The Best of the British Intelligence service
Commander James Bond RN 007 Licensed to Kill
Sir Harry Flashman V.C. K.C.B., K.C.I.E Licensed to Flee!
The New Movie
Sir Harry Flashman -006.9
IAN FLEMING Creator of James Bond
Journalist, British secret service agent, writer, whose most famous creation was the oh so British James Bond, agent 007. Fleming spent the war years with British Intelligence, but his books are based on his war service and experiences in traveling and reporting as a journalist - they offer exotic locations, beautiful women, and exciting and inventive adventures.
"It was a dark, clean-cut face, with a three-inch scar showing whitely down the sunburned skin of the right cheek. The eyes were wide and level under straight, rather long black brows. The hair was black, parted on the left, and carelessly brushed so that a thick black comma fell down over the right eyebrow. The longish straight nose ran down to a short upper lip below which was a wide and finely drawn but cruel mouth. The line of jaw was straight and firm. A section of dark suit, white short and black knitted tie completed the picture."(James Bond in From Russia, with Love, 1957)
Ian Fleming was born in London as the son of Major Valentine Fleming, a Conservative M.P., who was killed in action during World War I, May 20th 1917, and Evelyn St. Croix Fleming. He was educated at Eton, the British military collage - Sandhurst. After Sandhurst, Fleming studied languages at the universities of Munich and Geneva. He took the Foreign Service exam, but found himself at the age of twenty-three without a career. From 1929 to 1933 he worked as a journalist in Moscow, then a banker and a stock-broker in London (1935 to 1939).
During World War II Fleming's skill in languages, his experience and knowledge of Europe made him an ideal candidate for the Intelligence service. He went on to become high ranking naval officer in the British intelligence. He was a personal assistant to Admiral John H. Godfrey, who served as the model for James Bond's commanding officer, "M". Fleming organized the No. 30 Assault Unit - the Germans had successfully used similar Intelligence assault unit in Crete in 1941. During a training exercise Fleming had to swim underwater and attach a mine to a tanker. This act became material for the climax of LIVE AND LET DIE (1954). He planned operations in Germany, in particular Hamburg a center of operations for German U-boats. After the war Fleming was a foreign manager of Kemsley Newspapers. He held this post until the newspaper group became Thomson Newspapers in 1959.
Fleming's first book was not a spy novel but a foreign correspondent's guide-book which was issued for the education of his staff. In 1952 he married Anne, Lady Rothmere, in Jamaica, where he built a second home later to be called Golden Eye. Flemming wrote most of the Bond books there, during holidays from his main work as a newspaper jounralist. The first Bond adventure, CASINO ROYAL, appeared in 1953, and it was followed 13 others. Casino Royal was partly based on Fleming's less fortunate gambling experience in Lisbon during the war.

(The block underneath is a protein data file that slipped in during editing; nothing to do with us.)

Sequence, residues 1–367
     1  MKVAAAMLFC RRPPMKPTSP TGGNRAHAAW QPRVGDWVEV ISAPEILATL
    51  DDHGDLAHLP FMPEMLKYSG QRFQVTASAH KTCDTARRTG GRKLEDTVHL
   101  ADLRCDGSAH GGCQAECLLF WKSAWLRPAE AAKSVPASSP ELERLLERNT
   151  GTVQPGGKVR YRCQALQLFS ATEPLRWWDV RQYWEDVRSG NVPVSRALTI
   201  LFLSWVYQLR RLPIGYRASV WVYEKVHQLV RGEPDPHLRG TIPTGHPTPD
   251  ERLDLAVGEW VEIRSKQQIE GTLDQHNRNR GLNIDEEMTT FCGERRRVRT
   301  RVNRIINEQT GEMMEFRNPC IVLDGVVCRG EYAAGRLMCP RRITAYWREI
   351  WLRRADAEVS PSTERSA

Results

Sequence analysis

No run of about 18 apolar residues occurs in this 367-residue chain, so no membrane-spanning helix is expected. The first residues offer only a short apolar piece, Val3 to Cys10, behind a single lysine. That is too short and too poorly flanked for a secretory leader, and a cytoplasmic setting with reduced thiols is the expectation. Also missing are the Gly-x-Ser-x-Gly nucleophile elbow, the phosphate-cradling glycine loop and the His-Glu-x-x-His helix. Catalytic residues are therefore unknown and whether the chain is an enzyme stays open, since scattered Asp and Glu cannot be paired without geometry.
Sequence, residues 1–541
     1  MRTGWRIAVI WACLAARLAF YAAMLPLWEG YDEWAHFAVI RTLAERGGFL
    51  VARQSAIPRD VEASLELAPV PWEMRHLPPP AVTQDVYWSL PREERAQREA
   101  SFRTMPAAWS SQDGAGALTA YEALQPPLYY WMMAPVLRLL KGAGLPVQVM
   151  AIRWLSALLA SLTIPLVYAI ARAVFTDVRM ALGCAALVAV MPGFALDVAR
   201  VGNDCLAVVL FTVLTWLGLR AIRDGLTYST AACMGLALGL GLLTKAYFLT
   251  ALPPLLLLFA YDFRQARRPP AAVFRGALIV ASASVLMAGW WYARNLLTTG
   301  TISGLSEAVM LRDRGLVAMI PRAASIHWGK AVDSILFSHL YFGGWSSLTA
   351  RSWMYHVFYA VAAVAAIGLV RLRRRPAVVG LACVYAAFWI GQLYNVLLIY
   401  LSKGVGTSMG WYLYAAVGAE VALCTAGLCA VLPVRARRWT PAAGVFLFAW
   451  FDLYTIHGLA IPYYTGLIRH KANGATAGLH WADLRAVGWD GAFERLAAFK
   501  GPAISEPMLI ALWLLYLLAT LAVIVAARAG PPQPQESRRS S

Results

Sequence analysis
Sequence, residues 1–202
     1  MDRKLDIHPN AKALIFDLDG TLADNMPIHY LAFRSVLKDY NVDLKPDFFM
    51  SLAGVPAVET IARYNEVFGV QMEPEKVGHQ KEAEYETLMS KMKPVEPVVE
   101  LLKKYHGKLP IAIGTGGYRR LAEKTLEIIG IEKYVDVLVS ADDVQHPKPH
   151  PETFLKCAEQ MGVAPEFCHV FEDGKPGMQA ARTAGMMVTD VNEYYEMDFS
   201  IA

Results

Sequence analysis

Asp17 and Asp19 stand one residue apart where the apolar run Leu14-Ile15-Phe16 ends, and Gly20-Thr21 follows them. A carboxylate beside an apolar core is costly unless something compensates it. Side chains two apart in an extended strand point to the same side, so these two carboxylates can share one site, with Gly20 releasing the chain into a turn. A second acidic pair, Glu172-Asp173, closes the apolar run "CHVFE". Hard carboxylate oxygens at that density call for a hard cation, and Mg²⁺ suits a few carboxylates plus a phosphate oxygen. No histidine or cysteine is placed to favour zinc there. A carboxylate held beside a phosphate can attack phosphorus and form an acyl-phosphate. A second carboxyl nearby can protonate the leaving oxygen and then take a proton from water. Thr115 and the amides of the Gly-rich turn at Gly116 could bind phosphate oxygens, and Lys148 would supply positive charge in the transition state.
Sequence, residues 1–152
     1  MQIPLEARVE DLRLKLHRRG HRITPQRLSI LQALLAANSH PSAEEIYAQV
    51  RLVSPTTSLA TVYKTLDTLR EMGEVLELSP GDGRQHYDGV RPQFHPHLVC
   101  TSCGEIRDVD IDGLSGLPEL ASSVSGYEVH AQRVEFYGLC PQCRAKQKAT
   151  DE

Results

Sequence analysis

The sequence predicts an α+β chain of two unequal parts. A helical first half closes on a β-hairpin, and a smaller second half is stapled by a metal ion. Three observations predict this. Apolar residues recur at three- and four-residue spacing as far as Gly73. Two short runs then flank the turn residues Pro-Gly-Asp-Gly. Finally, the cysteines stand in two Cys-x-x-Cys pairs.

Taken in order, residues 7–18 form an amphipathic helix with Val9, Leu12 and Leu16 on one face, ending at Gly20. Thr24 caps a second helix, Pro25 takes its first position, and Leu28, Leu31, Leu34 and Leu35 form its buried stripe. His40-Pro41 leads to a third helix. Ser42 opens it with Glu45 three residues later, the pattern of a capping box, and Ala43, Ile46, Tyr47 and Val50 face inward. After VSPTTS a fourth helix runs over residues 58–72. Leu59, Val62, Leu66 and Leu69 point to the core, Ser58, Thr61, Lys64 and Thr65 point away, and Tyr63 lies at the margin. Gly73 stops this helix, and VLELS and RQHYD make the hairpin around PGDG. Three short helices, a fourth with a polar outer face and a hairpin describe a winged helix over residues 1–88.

In 1956 Fleming started selling his novels to be adapted for a comic strip. He was asked to contribute to a series of articles for London's Sunday Times on diamond smuggling. The articles appeared in book form in 1957. Fleming published A successful children's book about a magical car, CHITTY-CHITTY-BANG-BANG. It was adapted into a musical film in 1968. Among his non-fiction is the travel books THRILLING CITIES (1963). It was based on articles published in Sunday Times in 1959-60.
The film version of Doctor No was released in 1963. The spring of the same year saw the publication of On Her Majesty's Secret Service, including a limited edition of 250. The cover featured the Bond family coat of arms complete with the motto 'The World Is Not Enough.'
In spite of warning's from doctors, Fleming did not give up his outdoor activities, and the final heart attack which ended his life came at the Royal St. George's Sandwich golf course in Kent on 12 August, 1964. The Man with the Golden Gun, finished by Fleming's literary executors, was published posthumously. OCTOPUSSY, a collection containing two of Fleming's Bond stories, appeared in 1966.
JAMES BOND(the name was taken from that of an American ornithologist), the son of a Highland Scots father and a Swiss mother. Both of Bond's parents were killed in a climbing accident when he was eleven.
An inheritance of £1000 a year let him add some other educational experiences to his boarding school years. Aged sixteen Bond lost his virginity in Paris.
He joined the British secret service in the late 1930s, but switched to the navy when the war broke out, attaining the rank of commander, towards the end of the war he found himself back working for the secret service behind the lines in Germany and the far East.
Bond is a skilled golfer and card player, expert driver and a crack shot.
Among his friends is American Felix Leiter from the CIA.
Bond's favorite drink is vodka martini, shaken, not stirred, and he trusts on Walther PPK, originally designed for the German plain-clothes police.
NEW FLASHMAN BOOK
The next Instalment of the Flashman Papers
FLASHMAN ON THE MARCH
George Macdonald Fraser
Covering the 1868
Flashman's Campaign to Abyssinia
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